Rupert Goodwins' Diary

Tuesday 6/6/2006Intel continues to have baffling ideas. It is, as mentioned on Monday,an x86 world, with the amount of non-x86 processing – on the desktop,at least – rapidly approaching zero.

Tuesday 6/6/2006

Intel continues to have baffling ideas. It is, as mentioned on Monday, an x86 world, with the amount of non-x86 processing – on the desktop, at least – rapidly approaching zero. So the news that Intel is planning to ditch some of its non-x86 architectures should come as no surprise. After all, despite a lot of effort, there's still no sign that the Itanium will make any money any time soon, right?

Only it's not the Itanium they're rumoured to be ready to cut adrift, according to reports in the Wall Street Journal. It's the embedded stuff – the Xscale and network processors. Now, these are perfectly good designs which have taken a lot of the useful components out of the x86 and linked them in to an ARM core. They work, they're nice and low power, but they haven't been fulfilling expectations. Why this is, I don't know – the embedded market is quite ferocious and has a number of established players, and Intel came late to the game. That may be enough in itself: it's very difficult to dislodge people with existing relationships to OEMs. And the embedded world has been more prone than most to dodgy dealings of the "If you want to buy this chip, you have to buy this other one" variety – which can lock people into families of components for a long time.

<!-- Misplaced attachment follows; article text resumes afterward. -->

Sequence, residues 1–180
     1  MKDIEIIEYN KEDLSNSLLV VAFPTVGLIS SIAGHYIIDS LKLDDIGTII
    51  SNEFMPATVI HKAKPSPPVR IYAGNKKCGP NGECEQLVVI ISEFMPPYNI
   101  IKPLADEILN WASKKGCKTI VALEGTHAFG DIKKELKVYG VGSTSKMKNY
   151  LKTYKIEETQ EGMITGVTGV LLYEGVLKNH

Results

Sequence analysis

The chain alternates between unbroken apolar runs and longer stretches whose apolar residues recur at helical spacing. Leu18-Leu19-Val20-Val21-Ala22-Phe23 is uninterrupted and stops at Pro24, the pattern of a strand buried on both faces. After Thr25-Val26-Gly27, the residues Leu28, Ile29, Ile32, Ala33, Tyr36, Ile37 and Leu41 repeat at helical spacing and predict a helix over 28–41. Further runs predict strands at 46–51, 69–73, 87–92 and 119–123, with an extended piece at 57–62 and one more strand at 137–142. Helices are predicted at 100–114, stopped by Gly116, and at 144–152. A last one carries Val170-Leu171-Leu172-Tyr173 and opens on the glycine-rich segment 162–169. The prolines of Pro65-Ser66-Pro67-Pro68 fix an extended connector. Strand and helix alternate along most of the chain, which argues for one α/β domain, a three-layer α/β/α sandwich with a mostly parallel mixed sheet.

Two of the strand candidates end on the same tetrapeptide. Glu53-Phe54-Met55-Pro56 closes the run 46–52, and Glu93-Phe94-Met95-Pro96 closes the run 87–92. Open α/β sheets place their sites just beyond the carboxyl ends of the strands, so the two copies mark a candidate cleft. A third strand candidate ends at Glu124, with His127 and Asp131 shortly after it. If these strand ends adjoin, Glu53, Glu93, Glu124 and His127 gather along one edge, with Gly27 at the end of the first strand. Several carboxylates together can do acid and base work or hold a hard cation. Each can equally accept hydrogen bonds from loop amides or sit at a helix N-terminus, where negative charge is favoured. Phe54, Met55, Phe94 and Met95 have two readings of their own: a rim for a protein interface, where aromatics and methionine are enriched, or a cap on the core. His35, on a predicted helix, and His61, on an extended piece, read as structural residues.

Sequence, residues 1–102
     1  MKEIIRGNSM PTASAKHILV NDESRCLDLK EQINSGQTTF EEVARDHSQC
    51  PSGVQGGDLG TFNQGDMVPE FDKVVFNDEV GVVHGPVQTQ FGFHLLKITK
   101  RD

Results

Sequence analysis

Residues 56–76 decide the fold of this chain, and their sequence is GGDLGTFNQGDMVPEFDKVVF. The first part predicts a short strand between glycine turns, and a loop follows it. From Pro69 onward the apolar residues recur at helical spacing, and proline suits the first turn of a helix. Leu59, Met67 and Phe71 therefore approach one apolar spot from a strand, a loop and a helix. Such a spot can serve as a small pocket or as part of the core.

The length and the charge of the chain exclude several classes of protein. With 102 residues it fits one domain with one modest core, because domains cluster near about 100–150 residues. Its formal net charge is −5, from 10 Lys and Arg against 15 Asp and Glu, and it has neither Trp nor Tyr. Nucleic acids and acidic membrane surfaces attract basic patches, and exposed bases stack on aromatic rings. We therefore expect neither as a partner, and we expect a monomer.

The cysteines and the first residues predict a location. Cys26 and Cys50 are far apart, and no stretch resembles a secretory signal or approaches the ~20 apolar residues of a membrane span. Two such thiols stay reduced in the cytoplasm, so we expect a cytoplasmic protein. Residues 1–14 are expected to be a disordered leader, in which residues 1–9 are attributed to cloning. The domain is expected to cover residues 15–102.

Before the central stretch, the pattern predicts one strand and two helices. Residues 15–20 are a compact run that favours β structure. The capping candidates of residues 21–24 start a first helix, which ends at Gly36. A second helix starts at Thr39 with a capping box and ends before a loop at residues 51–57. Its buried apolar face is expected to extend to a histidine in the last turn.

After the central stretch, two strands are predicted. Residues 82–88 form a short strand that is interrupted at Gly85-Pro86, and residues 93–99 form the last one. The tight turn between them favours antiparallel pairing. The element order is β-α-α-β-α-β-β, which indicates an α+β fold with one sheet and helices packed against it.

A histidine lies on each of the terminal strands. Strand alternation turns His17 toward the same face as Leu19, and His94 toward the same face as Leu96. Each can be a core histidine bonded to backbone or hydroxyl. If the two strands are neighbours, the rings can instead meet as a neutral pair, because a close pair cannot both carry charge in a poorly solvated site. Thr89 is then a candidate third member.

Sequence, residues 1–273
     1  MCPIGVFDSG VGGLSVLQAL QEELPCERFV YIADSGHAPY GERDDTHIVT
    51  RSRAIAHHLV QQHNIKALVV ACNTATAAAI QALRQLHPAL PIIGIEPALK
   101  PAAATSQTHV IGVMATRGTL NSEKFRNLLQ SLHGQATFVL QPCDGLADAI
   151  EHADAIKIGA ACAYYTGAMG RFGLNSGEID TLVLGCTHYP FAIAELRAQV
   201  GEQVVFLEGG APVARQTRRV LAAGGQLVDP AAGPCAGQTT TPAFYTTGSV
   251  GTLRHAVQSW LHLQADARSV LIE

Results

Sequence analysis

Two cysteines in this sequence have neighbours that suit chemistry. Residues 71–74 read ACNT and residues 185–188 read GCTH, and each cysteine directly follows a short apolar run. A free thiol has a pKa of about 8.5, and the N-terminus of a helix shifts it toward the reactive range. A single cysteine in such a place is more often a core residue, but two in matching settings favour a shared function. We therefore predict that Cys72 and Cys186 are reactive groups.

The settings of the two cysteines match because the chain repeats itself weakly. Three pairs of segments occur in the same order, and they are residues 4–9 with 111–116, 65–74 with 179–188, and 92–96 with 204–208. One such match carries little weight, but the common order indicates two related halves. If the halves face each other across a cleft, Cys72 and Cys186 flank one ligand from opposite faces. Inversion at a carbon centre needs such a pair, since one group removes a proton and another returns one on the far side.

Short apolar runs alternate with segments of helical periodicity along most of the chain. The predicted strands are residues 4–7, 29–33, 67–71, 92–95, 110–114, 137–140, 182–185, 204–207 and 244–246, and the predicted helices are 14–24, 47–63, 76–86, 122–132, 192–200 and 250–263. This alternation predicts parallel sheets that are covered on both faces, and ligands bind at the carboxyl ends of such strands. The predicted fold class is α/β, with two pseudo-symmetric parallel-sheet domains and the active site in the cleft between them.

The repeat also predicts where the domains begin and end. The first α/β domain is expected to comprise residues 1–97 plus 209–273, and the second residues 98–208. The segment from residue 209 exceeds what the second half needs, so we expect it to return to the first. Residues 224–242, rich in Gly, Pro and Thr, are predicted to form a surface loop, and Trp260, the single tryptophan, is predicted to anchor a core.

None of this changes the game Intel's beancounters are playing, which is undoubtedly ROI based. This business costs us this much and makes this much in return – is that the best use of our money? Can we assume useful growth? This sort of thinking, looking at yourself as if you were an external investor, is why companies divest themselves of profitable businesses: it's not a matter of making money, it's of beating the market. Hence IBM getting out of PCs, and hence Intel getting rid of parts of the company that look to the outsider like they're doing perfectly well where they are.

Financially astute this might be, but it takes little or no account of the people involved. Intel has a unique culture that inspires a lot of loyalty, and that translates to a willingness to go the extra mile when it matters. Of course, there are always disappointments in any job – projects get cancelled, bosses resign, divisions get reorganised – but throwing away a whole market segment with everyone attached is a bit like lopping off a limb. The shockwaves can affect all manner of people for a long time, especially among those who feel most strongly attached to the company.

But does anyone care?

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